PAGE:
Quality of placements: 40% marks
Two issues have to be kept in mind when you look at placements -- numbers and the type of companies that recruit the bulk of students. First, identify the average percentage of placements by looking at the Mandatory Disclosures (downloadable from site). If the list of companies and the number of offers are given, it is a good sign. See the percentage of students placed. Since the biggest recruiters are IT companies, and since they recruit from circuit branches (ECE, EEE, IT, CSE) branch-wise placement record is quite essential.Quality of Infrastructure: 20% marks
Do not go by buildings and land holdings. They are the easiest to acquire. How good are labs in the discipline of your choice? Do they have modern equipment and in enough numbers? How many books per student are there in the library? What e-journals do they subscribe to? How much bandwidth on a per capita basis do they have? These are difficult questions that can get answers from the website alone.Quality of faculty: 20% marks
This is impossible to assess correctly for any young student. But be on the lookout for years of experience of the faculty. Verify if a sizable section of the faculty has less than three to five years of experience; they would be rookies with no teaching experience. The more the number of faculty in the team between 10-20 years, the better would be the quality. This is only a ballpark measure so take it as such. Speak with your seniors to see if the quality of faculty is good.Quality industry interface: 20%
Look for tie-ups with industry, like the Microsoft Research Centre, IBM Research Centre or Technology Information, Forecasting and Assessment Council (TIFAC) core. See if the institute has a tech park. Find out whether it has received funding from external agencies for research.
If a school in your assessment scores less than 35% overall, and if you still join it, because you just have to do a BE/B.Tech, then go with the realization that it will be a hard grind in your life after education.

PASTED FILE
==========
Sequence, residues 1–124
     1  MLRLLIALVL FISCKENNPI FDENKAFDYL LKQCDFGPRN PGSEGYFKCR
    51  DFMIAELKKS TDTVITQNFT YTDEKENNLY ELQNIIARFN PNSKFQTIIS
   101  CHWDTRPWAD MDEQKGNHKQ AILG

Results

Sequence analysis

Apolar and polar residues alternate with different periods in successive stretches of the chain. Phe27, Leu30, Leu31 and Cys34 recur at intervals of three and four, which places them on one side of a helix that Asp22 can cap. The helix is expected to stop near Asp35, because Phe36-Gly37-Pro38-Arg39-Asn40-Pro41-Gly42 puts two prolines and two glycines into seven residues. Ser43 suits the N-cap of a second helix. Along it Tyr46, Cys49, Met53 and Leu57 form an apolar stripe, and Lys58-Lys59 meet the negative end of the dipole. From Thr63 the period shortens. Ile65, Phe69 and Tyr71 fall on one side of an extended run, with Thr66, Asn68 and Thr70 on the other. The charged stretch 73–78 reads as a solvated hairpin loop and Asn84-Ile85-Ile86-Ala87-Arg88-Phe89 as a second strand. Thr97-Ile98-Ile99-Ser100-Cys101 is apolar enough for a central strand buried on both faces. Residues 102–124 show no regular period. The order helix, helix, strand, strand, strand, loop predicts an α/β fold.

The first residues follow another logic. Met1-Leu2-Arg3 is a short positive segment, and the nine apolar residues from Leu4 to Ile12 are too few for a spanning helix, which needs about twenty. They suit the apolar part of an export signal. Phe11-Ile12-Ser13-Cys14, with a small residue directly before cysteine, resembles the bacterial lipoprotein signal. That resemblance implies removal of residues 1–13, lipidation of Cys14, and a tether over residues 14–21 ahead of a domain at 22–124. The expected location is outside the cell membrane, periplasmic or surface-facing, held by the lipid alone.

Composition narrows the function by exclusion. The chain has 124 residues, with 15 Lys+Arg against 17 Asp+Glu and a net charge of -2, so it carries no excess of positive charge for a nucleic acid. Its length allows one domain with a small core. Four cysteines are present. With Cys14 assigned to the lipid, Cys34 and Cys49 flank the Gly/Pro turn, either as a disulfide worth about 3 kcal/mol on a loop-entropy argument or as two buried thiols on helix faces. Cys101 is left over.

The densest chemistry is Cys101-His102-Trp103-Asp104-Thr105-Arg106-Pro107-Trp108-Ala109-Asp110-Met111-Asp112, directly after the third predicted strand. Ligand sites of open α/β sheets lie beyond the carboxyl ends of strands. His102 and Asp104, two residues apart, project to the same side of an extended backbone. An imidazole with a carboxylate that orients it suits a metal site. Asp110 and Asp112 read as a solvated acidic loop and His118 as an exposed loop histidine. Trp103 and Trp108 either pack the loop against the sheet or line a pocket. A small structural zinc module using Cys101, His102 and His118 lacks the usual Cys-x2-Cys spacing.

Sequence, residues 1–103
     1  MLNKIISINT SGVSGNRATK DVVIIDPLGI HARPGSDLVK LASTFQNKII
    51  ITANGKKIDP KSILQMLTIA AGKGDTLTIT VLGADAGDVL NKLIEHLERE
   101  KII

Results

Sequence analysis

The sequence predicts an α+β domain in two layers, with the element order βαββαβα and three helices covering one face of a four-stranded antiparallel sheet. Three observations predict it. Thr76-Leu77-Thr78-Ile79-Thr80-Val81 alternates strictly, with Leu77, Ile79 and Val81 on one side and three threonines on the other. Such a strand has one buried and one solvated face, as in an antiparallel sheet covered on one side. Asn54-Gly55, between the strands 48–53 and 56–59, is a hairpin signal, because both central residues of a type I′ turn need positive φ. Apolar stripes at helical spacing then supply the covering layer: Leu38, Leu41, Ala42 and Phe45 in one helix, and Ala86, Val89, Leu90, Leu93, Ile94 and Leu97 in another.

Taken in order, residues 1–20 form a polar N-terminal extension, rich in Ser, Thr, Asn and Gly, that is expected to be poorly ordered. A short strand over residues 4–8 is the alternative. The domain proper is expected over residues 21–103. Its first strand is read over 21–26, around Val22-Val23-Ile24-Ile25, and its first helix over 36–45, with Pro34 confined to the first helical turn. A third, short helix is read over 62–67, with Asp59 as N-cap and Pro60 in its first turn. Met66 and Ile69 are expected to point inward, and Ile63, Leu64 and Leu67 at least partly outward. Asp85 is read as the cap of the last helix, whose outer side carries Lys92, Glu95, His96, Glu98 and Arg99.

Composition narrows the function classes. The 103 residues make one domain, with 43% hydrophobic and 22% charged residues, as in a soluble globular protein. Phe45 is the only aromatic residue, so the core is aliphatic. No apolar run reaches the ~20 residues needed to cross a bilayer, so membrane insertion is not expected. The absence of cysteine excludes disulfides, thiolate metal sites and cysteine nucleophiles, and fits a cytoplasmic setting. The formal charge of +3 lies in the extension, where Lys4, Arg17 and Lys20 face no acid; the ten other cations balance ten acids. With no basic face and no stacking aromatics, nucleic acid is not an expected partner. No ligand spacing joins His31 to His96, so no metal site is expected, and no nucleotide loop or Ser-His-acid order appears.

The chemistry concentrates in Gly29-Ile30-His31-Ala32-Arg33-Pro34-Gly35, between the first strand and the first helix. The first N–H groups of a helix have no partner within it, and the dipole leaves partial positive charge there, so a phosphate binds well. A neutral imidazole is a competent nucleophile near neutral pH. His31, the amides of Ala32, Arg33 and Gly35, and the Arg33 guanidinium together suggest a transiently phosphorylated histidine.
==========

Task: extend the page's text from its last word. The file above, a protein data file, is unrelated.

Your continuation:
Types of engineering colleges
The best in the country, nearly 2-3 lakh students vie for the 15,000 seats on offer. But the new IITs are plagued by faculty shortage, and their infrastructure is yet to be in place. So the established IITs must be the first choice. Vis-Ã -vis the newer ones, the established NITS might offer better value.
NITs & IIITs
NITs and IIITs are set up by the central government (IIITs are set up in collaboration with private sector and State governments) and are the places to go for engineering. While older NITs have established themselves, newer ones need time to be in the reckoning. However, next to IITs they offer the best engineering education.University Departments/Constituent Colleges
These are colleges, which gave birth to engineering education in the country, like the College of Engineering, Anna University, or the College of Engineering, Pune University. These are pioneering institutions in respective States and remain the first choice for State-level engineering aspirants.
They form the largest number of engineering colleges both in public and private sectors. They account for over 90% of the seats. And they are quite varied in their quality and value of their programme. So evaluate carefully before you sign up.
Private universities/ Deemed Universities
Despite the uncertainty due to the Tandon Committee Report, Deemed universities have emerged out of existing engineering colleges and some of them like BITS Pilani are very well known. Do look at their pedigree and then decide on the admissions.
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